In other words, who is actually going to enforce it?
The county’s alcohol ban, which local cities still have to sign, aims to address coronavirus spread among young people out late at night. Orange County (NC) and South Carolina have similar restrictions in place.
[Related Agenda story: County officials will implement a late-night alcohol sales ban. Here’s how it could work]
District 5 county commissioner Susan Harden is among the skeptics of this and other efforts to control the pandemic. In a Facebook post this week, Harden tore into the failures of local officials’ coronavirus response.
North Carolina reopened too early, Harden said, and has been too slow with both its marketing campaign and its mask mandate. On top of that, there’s no enforcement mechanism for the restrictions on businesses, she said.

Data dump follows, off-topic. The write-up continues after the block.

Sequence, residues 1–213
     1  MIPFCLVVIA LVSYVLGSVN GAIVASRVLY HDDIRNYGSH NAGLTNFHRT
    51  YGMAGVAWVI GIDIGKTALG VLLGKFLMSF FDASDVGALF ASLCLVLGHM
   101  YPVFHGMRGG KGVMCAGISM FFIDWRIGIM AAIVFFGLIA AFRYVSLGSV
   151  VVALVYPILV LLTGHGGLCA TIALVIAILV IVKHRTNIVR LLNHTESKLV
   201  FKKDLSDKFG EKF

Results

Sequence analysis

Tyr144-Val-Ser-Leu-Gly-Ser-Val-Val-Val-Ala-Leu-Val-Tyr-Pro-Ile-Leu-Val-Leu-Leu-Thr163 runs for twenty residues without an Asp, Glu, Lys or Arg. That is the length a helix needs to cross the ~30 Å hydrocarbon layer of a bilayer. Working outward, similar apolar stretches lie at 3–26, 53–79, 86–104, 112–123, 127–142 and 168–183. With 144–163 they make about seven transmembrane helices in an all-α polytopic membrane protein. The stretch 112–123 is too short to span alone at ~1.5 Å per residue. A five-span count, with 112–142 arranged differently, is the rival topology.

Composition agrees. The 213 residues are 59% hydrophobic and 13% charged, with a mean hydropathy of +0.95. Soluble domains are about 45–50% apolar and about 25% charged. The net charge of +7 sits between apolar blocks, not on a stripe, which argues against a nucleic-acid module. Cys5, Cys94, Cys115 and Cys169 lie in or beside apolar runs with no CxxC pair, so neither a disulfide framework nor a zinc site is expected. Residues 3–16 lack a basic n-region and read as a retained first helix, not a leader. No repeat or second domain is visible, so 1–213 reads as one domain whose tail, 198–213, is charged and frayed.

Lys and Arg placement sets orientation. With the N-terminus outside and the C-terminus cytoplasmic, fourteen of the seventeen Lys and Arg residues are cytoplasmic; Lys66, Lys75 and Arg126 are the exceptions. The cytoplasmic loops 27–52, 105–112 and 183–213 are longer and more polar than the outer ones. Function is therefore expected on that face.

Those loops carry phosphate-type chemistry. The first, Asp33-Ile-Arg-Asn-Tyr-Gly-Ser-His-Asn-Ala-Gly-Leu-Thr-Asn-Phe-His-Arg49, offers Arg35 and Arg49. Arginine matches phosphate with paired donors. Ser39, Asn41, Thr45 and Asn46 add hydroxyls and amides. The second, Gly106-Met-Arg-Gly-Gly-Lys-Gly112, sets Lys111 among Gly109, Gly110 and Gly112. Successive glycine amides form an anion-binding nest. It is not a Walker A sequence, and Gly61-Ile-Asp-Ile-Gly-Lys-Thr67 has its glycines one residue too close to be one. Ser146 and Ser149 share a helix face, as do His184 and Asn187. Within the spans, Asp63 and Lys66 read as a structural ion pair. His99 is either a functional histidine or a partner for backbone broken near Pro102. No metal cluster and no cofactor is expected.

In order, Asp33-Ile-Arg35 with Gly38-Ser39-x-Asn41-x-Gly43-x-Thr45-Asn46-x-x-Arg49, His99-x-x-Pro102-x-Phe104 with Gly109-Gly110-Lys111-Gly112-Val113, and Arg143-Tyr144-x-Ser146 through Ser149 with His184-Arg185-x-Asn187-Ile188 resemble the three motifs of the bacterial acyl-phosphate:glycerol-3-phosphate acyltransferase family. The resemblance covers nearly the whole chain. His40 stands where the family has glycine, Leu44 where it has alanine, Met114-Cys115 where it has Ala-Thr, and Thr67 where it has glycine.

“We know there are gyms operating. We know there are restaurants that are acting like bars. We know that people are gathering beyond the limits. There’s zero enforcement,” Harden told the Agenda.
She continued, adding that businesses break the rules all the time because they know they can.
“If you’re not worried about getting pulled over on the interstate and you’re late to a meeting, you’re going to go 90 miles an hour. You just are. It’s human behavior.”
There should be a local enforcement method in place for coronavirus restrictions before officials put them into place, Harden said. For instance, the health department, which the county is in charge of, oversees responsibilities like restaurant inspections.
County officials have asked their attorney if they can require the health department to police businesses for coronavirus-related coronavirus violations. The attorney said no, Harden said.